I sense a great deal of disappointment from folks in the market. It seems that, if you are not in the $500 stocks, you are not enjoying the ride. Also, oil is going up every day, yet the big oil stocks aren't zooming ahead. Oddly enough, I don't hear any of the bears telling us gas prices are higher now than they were in spring 2011.
I have discussed this issue before. So many stocks have been sitting still in the past few weeks, simply not participating in the rally. I heard someone on television lauding the railroad stocks for having been so great lately, for instance, but that person must be looking at entirely different stocks from what I'm seeing. United Pacific (UNP) was great -- from Thanksgiving to mid January. At this point, shares are still at the same price as they were a month ago. Meanwhile, Norfolk Southern (NSC) is down almost 10% from its mid-January high, as is CSX (CSX).
In light of all this, I can understand why someone asked me Monday about how bad breadth had been. But, in reality, breadth has not been bad at all. In fact it made a (marginal) higher high again Monday. The advance is not narrow; it's just lethargic.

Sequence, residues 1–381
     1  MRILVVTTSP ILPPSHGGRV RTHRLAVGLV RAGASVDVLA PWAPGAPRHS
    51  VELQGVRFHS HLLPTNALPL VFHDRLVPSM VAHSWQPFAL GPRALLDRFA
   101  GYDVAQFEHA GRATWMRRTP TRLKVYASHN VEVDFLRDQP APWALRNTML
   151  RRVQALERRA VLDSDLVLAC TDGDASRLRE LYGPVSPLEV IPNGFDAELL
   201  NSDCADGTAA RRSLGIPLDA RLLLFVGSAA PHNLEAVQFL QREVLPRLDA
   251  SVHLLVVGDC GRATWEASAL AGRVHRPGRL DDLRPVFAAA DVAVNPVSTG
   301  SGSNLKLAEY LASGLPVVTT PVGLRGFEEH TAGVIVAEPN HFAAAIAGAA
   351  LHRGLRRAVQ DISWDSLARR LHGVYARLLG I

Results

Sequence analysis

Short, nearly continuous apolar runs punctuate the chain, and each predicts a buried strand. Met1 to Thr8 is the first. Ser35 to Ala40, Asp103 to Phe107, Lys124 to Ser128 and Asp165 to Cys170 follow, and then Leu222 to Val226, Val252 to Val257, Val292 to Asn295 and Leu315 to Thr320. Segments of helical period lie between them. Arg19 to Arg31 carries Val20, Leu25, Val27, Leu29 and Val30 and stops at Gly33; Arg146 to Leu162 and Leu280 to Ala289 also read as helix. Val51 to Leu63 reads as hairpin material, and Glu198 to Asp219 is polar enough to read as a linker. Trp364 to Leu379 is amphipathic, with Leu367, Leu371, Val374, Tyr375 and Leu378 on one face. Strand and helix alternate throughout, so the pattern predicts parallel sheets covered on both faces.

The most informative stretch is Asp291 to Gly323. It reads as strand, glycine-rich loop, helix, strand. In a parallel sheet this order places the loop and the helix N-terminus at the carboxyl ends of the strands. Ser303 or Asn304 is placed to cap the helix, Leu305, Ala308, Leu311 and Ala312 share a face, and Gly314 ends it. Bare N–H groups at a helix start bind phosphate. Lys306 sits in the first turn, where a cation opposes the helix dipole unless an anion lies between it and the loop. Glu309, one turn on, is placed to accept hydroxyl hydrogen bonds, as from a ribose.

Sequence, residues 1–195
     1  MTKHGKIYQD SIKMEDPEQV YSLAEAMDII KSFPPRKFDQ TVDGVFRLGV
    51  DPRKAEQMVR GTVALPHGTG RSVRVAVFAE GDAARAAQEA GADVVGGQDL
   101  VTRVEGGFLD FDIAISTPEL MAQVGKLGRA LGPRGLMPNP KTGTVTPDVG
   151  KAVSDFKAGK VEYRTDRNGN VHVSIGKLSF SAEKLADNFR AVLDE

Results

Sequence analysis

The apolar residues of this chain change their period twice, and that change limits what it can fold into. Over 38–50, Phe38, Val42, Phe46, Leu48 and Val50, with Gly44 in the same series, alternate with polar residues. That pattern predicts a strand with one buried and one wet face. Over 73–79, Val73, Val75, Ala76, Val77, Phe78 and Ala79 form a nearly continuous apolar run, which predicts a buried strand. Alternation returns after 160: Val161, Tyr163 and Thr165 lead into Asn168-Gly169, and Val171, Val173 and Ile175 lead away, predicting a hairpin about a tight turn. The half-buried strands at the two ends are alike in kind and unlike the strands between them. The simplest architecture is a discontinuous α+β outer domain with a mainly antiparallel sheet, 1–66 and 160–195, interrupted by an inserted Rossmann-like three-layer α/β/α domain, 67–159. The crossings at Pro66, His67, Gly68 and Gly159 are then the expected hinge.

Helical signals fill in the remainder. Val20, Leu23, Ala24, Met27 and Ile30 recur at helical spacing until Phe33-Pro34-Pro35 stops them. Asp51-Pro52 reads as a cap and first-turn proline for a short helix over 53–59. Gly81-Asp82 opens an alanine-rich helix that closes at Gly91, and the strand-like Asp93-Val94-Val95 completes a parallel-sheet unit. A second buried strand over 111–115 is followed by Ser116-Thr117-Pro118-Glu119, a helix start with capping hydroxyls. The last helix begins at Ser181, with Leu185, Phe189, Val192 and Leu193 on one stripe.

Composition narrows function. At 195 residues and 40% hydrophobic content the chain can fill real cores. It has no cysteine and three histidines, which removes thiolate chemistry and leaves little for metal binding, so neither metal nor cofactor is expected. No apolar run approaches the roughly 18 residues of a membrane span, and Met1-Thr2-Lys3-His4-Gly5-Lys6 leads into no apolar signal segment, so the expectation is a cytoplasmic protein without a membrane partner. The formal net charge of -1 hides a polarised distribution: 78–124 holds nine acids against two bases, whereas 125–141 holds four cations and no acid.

If you want to pick on something, pick on the number of stocks making new highs, especially on the Nasdaq. A week and a half ago, that index saw 262 new highs. On Monday, there were 97.
If you want to pick on something, pick on the fact that the Nasdaq has made a higher high vs. last spring's levels, but that cumulative volume has not done so.
If you want to pick on something, pick on the Nasdaq's volume. Relative to the NYSE, it's back where it was April of 2010, which was obviously not a great time to be loading up on stocks.
If you want to focus on the NYSE instead, then pick on its total volume, which is pathetic. Below is the chart of the 20-day moving average of that data, with an arrow pointing to the Thanksgiving low. That previous low point occurred in late July.
So you can see that, when it comes to this rally, there is plenty to pick on. But the fact remains that we've seen higher highs in the McClellan Summation Index, in the high-low indicator and in the 30-day moving average of the advance-decline line. The higher highs in these intermediate-term indicators typically mean the market should back off and rally again. Yet the indices don't seem to be able to back off and stay there.
Maybe, if we ever see an explosive volume day, we'll finally know sentiment has become way too exuberant.
More by Helene Meisler